The summer before I went to college I got a job on a pig farm. Each day, before opening my eyes, I prayed that it was raining, snowing or that a monsoon had arrived – anything to get me out of working! I hated it.
But God didn’t answer my prayer. In fact, it was one of the driest summers on record. My boss Jesse was a hard-living, chain-smoking guy who wanted me to smoke too. “It’ll build up an immunity to disease,” he said.
I had a lousy attitude all summer – until Jesse handed me a nail gun. I loved that thing. You just lined up a wooden stud, rested the nail gun against it and pulled the trigger. Presto! A nail came flying out. It was the coolest thing. What could possibly go wrong?
With Jesse on the other side of the wooden stud, I pushed the nail gun against it, pulled the trigger, and—missed the stud. The sharp nail stuck into the poor guy’s shoulder. Jesse looked down, stunned, as if he’d just been shot – with a nail gun.
“Sorry,” I said, thinking, ‘Just after he kills me, he’s gonna keel over and die.’
He did neither. Just pulled out the nail, cursed a blue streak, then asked me, “Do you wanna quit or can I fire you?” That was my last day on the pig farm.
Few things can determine our level of joy like our attitude toward work. I regret having such a lousy one that summer. In fact, I wish I would have had the wisdom and foresight to view work as a blessing, and each day as an opportunity to brighten the workplace. “Whatever you do, work heartily, as for the Lord and not for men,” says Colossians 3:23. This changes everything.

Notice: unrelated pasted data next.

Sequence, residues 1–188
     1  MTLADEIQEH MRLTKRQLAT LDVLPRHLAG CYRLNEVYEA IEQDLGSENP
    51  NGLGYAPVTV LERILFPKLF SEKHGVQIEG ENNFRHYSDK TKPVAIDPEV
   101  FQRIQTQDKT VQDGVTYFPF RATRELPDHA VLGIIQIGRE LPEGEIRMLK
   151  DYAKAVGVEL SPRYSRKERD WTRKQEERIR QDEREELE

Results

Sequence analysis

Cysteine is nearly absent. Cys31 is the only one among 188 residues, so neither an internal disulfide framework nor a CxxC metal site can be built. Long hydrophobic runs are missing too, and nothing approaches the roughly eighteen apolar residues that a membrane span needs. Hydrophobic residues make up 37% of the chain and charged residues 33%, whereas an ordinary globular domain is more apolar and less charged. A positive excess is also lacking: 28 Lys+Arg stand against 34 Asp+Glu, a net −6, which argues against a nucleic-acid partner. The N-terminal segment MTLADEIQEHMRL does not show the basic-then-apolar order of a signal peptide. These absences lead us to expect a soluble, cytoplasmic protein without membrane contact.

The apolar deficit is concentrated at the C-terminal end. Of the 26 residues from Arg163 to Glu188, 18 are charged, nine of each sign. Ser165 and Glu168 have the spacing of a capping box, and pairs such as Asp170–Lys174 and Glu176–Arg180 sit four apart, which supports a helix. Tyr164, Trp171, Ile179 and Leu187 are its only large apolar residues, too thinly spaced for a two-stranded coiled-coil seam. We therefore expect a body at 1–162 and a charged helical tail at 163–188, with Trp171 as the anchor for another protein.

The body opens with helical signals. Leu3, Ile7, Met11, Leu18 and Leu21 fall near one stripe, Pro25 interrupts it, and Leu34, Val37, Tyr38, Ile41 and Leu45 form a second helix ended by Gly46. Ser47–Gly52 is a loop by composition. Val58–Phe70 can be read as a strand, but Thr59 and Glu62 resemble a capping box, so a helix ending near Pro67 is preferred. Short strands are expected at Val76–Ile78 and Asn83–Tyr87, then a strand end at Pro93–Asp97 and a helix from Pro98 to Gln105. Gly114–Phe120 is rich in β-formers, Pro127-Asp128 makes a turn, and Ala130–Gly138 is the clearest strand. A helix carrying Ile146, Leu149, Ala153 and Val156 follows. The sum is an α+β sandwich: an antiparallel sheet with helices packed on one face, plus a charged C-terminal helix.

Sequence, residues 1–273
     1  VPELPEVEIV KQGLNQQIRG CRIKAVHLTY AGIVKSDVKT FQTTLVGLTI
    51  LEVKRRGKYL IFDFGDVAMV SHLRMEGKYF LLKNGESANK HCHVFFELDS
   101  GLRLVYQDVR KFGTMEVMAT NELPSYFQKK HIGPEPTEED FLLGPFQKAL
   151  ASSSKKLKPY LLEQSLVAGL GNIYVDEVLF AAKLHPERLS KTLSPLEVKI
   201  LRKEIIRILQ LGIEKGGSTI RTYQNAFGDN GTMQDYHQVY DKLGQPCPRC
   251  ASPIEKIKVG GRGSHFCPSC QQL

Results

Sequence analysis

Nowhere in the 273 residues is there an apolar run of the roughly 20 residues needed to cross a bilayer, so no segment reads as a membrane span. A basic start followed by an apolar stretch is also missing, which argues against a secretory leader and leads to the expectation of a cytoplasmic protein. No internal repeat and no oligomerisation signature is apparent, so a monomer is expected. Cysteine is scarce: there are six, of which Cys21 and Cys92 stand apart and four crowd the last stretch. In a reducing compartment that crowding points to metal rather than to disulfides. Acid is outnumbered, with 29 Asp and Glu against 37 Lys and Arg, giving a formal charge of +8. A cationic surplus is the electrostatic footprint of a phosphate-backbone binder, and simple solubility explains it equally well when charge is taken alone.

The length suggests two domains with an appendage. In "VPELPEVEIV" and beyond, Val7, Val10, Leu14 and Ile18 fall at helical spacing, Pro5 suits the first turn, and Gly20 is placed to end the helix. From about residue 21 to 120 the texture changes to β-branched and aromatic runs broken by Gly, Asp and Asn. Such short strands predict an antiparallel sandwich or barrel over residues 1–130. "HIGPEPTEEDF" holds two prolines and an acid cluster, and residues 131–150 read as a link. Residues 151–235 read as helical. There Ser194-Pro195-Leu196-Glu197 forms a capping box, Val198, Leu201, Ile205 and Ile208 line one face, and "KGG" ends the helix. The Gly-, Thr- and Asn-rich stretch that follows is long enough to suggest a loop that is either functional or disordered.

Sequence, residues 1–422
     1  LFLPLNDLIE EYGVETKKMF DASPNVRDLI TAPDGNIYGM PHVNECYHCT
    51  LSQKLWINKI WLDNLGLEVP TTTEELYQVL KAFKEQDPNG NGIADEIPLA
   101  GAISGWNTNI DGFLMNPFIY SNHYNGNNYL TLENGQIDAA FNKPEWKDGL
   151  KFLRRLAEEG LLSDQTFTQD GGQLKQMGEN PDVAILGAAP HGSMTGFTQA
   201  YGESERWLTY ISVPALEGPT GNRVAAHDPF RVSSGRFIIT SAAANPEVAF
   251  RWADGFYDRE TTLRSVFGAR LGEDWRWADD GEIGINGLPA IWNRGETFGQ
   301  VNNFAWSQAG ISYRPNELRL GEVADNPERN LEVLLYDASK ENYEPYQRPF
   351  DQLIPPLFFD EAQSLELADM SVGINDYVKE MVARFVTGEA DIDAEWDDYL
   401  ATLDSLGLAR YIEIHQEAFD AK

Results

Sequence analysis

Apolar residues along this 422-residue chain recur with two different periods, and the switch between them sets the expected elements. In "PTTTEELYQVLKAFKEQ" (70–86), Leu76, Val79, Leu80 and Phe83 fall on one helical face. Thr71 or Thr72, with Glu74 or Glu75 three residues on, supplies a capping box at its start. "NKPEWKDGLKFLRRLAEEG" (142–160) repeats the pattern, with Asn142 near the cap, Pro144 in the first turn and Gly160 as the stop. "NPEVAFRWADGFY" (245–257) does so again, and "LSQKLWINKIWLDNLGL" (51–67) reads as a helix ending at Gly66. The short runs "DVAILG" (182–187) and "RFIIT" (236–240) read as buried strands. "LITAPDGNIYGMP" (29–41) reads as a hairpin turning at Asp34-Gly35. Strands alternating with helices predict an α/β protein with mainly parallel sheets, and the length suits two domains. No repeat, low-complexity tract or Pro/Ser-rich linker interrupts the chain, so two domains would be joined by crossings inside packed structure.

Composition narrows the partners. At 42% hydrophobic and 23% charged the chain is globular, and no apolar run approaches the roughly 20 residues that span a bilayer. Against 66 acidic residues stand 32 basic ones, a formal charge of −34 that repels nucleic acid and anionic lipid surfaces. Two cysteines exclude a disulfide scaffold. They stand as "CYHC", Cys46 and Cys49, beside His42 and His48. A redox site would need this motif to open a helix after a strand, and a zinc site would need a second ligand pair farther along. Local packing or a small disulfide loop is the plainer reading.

So today I sat down and came up with ten things I love about being a writer:
- You can live anyplace you like. The writer has the freedom to starve almost anywhere.
- You can stare out windows without your spouse asking what you’re up to.
- Your career isn’t over at 30, like most professional athletes.
- Your overhead is cheap. Lincoln’s “Gettysburg Address” was written on the back of an old envelope.
- You can get your picture in the paper without being charged for a criminal act.
- You can work in your bathrobe without being charged with indecency.
- No heavy lifting (except when 5,000 books arrive.)
- You can speak your mind long after you’re dead.
- You can receive notes like this one: “My toddler chewed most of your book. I need another one.”
- And this one: “I’m a mother of five. I lock myself in the bathroom and read your book. When I come out I feel like I can face the world again.”
Whatever kind of work you’re involved in, go looking for things you’re thankful for today. My buddy Wayne stuffs insulation into nooks and crannies, and frankly I don’t know a more happy, purpose-filled guy. His work is worship.
If you’re wondering what happened to Jesse, I was speaking at a men’s conference far from home, and signing books afterwards.
A tall, lanky guy handed me one and I looked up at him.
“Jesse,” I said. “No way!” It was him. “How’s your shoulder?” I asked. He laughed.
“I came to Jesus a few years ago,” and there were tears in his eyes. I asked Jesse where he lives and what he does. He said, “I’m working on that same pig farm and loving it.”
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